If you're still awake by the end credits, make sure you catch Maggie's (10th) first word (OSP #8), that is if you haven't already lost the will to live after the extremely unfunny jokes and soul-destroying cameo scenes from rock band Green Day and actor Tom Hanks.
Avoid this movie at all costs. Alternatively, If you want to watch it for the only witty joke in 8 miserable years of pro-Bush humour, fast forward your borrowed DVD or online video to the final 5 minutes which involves Homer literally being.... I won't give it away for those who haven't seen the movie already or avoided it up to now. Other than that, it truly is one to avoid and a total waste of money, proof that Groening should have pulled the plug on the series at the turn of the millennium.
To be honest, I was actually dreading the prospect of a reboot of the
dead Star Trek franchise, even more so when word got out that JJ Abrams
was directing, as he had killed off another franchise 3 years
previously with Mission: Impossible III. The months that followed saw
me labelling this new movie 'Miscast Trek' upon hearing the main cast
of actors. After its first month of release, however, I was talked into
seeing it on the big screen, and although I was wrong about some parts
(I actually grew to like some of the casting and performances), I was
still thrown off by the poor directing and writing skills of Abrams,
Roberto Orci and Alex Kurtzmann that made M:I III excruciating, as well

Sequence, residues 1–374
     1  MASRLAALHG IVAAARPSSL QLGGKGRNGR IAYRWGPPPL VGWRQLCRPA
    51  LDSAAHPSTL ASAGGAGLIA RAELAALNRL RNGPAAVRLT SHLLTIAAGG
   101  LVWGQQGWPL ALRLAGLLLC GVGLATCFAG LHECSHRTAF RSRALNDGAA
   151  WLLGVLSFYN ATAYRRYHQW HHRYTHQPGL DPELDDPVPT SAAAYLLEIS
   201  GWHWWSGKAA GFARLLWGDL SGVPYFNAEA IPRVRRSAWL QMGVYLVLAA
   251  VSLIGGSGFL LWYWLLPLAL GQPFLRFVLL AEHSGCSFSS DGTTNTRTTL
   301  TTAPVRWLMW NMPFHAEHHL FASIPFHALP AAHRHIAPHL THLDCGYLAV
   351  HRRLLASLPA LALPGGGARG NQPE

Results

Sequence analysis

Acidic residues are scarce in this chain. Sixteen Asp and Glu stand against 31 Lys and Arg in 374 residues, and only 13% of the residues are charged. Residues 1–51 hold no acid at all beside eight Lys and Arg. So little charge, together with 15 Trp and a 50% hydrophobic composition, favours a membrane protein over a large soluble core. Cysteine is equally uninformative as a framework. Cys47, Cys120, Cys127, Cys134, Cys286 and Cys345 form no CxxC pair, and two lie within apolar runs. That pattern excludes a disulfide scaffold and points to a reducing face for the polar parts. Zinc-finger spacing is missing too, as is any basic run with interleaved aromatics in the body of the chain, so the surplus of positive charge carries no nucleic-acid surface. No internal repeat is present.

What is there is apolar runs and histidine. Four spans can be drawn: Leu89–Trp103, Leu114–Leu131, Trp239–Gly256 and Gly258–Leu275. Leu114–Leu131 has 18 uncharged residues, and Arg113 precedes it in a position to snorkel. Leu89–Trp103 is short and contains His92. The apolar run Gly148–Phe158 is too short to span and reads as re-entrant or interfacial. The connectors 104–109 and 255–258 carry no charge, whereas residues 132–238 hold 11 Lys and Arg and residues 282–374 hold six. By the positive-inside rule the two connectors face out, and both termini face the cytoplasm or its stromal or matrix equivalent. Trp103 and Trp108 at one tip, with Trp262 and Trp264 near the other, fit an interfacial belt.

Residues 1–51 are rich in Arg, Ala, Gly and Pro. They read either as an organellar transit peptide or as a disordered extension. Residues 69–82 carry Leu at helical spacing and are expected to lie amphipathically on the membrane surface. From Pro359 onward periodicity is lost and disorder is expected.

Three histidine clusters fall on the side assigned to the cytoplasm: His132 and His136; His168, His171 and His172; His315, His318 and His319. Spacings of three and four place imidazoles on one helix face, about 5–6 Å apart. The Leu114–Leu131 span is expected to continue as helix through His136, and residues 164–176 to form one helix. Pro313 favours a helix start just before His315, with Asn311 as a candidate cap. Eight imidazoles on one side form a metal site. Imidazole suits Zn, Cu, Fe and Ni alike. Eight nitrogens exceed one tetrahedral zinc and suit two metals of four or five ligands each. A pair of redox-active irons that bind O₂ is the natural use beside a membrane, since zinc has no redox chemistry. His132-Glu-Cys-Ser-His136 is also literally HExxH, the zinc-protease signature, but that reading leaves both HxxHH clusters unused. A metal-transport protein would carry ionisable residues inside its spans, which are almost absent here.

as the costume designs that would have been proudly showcased in Batman
The special and visual effects were quite impressive and although the story was a bit hit and miss, the performances of Zachary Quinto and Leonard Nimoy as the two Spocks were the main highlights of the movie, along with Eric Bana's evil performance as Romulan villain Nero.
Chris Pine will leave you gritting your teeth at his irritating and very wooden turn as Kirk, and even convert the biggest Shatner-haters in the world to actually praise the 60's Kirk, and Karl Urban's take on Dr. McCoy was a bit too hammy at times, but also quite enjoyable for most of his on-screen time.
It was always guaranteed to be a box office smash, whether it be hit or miss, but it's really one that could easily be saved for a quiet night-in on DVD.
On February 20th 2009, the wait was over. The eagerly anticipated
Street Fighter IV was finally released, and it was well worth the wait.
Taking the classic fighting system from the SF series and combining it with crisp, state of the art 3D character designs and 2D/3D backgrounds for fighting designs is probably the main selling point for this game, and the main reason why it's such a fantastic game.
Updated takes on the classic character's theme music tracks are also a winner as well as the amazing Japanese dub voices, but unfortunately it's the English dub that once again lets it down. The voice actors are in good form, but it's really the dialogue in cutscenes that are the poor point. The choice of characters receives a mixed reception from the fans, with huge favourites from the classic series returning , including 14 of the original 16 SFII characters and 5 from the Street Fighter Alpha series. 4 new characters are introduced and it's tough to adapt to their command lists and fighting styles at first, but the training and challenge are a huge help in helping the player master characters' abilities.
Like most fighting games however, it's the arcade mode's final boss that sticks out like a sore thumb as the worst character in the game.
Nevertheless, the game is still a huge winner, and easily a top contender for one of the top games of 2009, proof that when it comes to fighting games, Capcom will never be beaten. The SF series just keeps getting better with age, and this is as close to the perfection of the fantastic 1991 Street Fighter II original.